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The Power of Educational Technology: 10 Tips for Teaching Technology to Teachers - 3 views

    The Tech director at Belmont Hill School with some basic tips.
BalancEd Tech

iPad - Affordances & Constraints - BalancEdTech - 19 views

  • The details of this chart are less important than the process of creating it. After playing with the iPad, reading/watching how others use it in the classroom, and trying it out with your own students, get together with a few other educators and fill out your own chart. Here's a blank chart we give out as a part of a Think-Pair-Share. You might want to divide it into sections and consider the affordances and constraints by user (teacher/student/special needs student/administrator), use (reading/word processing/movie making/note taking/etc.), subject, or taxonomy (Bloom/SAMR/etc.). Hopefully you'll revise the chart as you use the tool in a wider variety of ways. This can definitely be combined with ideas of balancing technology, content and pedagogy. (Check out this podcast on TPaCK and SAMR.)
Matt Renwick

Co-inventing the Curriculum | DMLcentral - 68 views

  • But the task of co-creating their learning — not just the tools that make the task engaging to young learners
  • the pedagogy comes first
  • One-to-one technology is great when you have it, but with this collaborative approach, instead of thinking about giving every student pencil, paper and laptop, put all your assets on the table and look at how you can put them together — including skill assets.
eileen tobin

Bloom's Taxonomy Blooms Digitally, Andrew Churches - 33 views

  • In the 1950's Benjamin Bloom developed his taxonomy of cognitive objectives, Bloom's Taxonomy. This categorized and ordered thinking skills and objectives. His taxonomy follows the thinking process. You can not understand a concept if you do not first remember it, similarly you can not apply knowledge and concepts if you do not understand them. It is a continuum from Lower Order Thinking Skills (LOTS) to Higher Order Thinking Skills (HOTS). Bloom labels each category with a gerund.
  • In the 1990's, a former student of Bloom, Lorin Anderson, revised Bloom's Taxonomy and published this- Bloom's Revised Taxonomy in 2001.Key to this is the use of verbs rather than nouns for each of the categories and a rearrangement of the sequence within the taxonomy. They are arranged below in increasing order, from low to high.
    • eileen tobin
      I like that the revised version is ongoing. Eileen Tobin
  • Bloom's digital taxonomy map
    • Eileen Tobin
      This is a great tool for Level Questions
  • ...2 more annotations...
  • Each of the categories or taxonomic elements has a number of key verbs associated with it Lower Order Thinking Skills (LOTS) Remembering - Recognising, listing, describing, identifying, retrieving, naming, locating, finding Understanding - Interpreting, Summarising, inferring, paraphrasing, classifying, comparing, explaining, exemplifying Applying - Implementing, carrying out, using, executing Analysing - Comparing, organising, deconstructing, Attributing, outlining, finding, structuring, integrating Evaluating - Checking, hypothesising, critiquing, Experimenting, judging, testing, Detecting, Monitoring Creating - designing, constructing, planning, producing, inventing, devising, making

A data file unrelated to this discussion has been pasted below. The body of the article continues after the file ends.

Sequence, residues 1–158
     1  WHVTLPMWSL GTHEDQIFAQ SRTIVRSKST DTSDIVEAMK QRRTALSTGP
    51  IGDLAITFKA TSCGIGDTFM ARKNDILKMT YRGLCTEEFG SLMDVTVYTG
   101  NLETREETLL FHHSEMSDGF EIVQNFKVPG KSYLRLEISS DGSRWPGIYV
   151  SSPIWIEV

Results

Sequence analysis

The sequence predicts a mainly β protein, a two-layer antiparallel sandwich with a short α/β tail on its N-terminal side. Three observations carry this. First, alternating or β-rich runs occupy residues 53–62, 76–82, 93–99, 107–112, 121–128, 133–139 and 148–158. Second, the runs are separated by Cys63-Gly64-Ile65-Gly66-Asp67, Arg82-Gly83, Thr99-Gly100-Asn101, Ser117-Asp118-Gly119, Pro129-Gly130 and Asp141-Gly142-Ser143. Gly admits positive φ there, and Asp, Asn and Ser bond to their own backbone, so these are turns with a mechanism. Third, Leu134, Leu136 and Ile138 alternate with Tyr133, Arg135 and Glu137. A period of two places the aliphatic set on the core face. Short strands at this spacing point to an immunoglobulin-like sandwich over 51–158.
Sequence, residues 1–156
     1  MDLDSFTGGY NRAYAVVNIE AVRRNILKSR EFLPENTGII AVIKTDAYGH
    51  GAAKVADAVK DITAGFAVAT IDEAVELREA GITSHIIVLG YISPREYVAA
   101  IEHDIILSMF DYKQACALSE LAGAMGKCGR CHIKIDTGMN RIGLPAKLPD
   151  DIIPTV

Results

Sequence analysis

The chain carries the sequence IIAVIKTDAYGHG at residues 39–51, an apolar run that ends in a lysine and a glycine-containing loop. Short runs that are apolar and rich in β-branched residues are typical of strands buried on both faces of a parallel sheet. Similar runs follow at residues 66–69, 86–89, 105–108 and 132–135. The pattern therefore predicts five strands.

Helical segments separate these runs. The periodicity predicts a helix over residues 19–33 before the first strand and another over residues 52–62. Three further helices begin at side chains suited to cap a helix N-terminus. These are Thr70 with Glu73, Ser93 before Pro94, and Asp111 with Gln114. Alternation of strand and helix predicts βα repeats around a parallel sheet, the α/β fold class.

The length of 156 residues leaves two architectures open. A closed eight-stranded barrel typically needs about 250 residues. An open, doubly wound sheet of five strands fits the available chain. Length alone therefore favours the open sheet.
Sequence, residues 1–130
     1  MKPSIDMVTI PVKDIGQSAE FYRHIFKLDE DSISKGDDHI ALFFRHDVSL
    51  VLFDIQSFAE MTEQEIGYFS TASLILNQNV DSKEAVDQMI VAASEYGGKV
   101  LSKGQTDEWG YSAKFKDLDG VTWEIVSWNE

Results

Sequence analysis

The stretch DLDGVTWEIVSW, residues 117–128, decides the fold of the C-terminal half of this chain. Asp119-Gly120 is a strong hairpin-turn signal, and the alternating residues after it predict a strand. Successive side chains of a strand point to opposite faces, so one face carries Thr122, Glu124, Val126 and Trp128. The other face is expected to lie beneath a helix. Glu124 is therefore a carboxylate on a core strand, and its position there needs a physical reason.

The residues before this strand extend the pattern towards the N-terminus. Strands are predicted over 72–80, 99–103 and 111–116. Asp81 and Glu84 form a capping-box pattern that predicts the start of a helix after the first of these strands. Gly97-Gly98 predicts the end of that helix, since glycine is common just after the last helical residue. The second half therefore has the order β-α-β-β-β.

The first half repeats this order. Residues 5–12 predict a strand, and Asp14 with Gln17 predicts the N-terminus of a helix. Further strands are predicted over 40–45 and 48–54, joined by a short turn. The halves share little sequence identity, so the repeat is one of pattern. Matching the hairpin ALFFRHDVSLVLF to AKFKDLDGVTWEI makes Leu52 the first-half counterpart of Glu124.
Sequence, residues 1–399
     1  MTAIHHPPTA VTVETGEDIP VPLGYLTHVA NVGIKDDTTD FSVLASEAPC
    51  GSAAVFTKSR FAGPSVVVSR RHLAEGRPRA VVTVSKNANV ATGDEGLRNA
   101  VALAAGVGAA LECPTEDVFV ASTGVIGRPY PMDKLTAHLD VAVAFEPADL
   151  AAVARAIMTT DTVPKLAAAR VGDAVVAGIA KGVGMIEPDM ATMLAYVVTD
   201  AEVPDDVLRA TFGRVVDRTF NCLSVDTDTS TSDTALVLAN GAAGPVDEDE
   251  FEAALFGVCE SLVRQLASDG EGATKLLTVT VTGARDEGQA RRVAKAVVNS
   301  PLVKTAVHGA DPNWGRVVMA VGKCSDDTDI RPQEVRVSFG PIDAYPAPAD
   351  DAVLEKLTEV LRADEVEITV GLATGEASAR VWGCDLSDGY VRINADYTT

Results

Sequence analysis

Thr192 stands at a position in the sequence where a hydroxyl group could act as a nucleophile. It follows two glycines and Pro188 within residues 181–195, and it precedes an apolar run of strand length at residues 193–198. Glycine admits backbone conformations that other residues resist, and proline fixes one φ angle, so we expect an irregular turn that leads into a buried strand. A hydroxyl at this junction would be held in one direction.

• Bloom's Revised Taxonomy
    Bloom's taxonomy as it relates to 21st century technology skills
    Bloom's Taxonomy Blooms Digitally - By Andrew Churches, April 1, 2008
Jenna Ervin

The Tick-Tock Effect of Educational Technology's 'Pendulum 2.0' | EdTech Magazine - 28 views

    • Jenna Ervin
      Interesting article discussing the presence of the Educational Pendulum 2.0, the shift from finding "cool tools" and realizing their failure without proper pedagogical instructional design.  "In effective technology integration, tools is the driver and technology the accelerator-- or else it will simply end up being the brake."

(Re)Marking upon #ProfChat - 11 views

    • kmosei_2k16
      VCUOLE It appears that many students (graduate, undergraduate, professional) are oriented towards receiving answers rather than engaging in exploration. Would the 'curiosity cultivating' learning technologies provide a frustrating experience for such students?
    • nursprof58
      Possibly, but who says frustration is not a learning experience? The old adage "Give a man a fish and you feed him for a day, teach him how to fish and you feed him for a lifetime" comes to mind. Teach a student to be intellectually and technologically curious and you've given them tools for success long after they've left your tutelage. vcuole
  • The challenges and opportunities confronting higher education pedagogy will not be adequately addressed by platforms designed to provide answers
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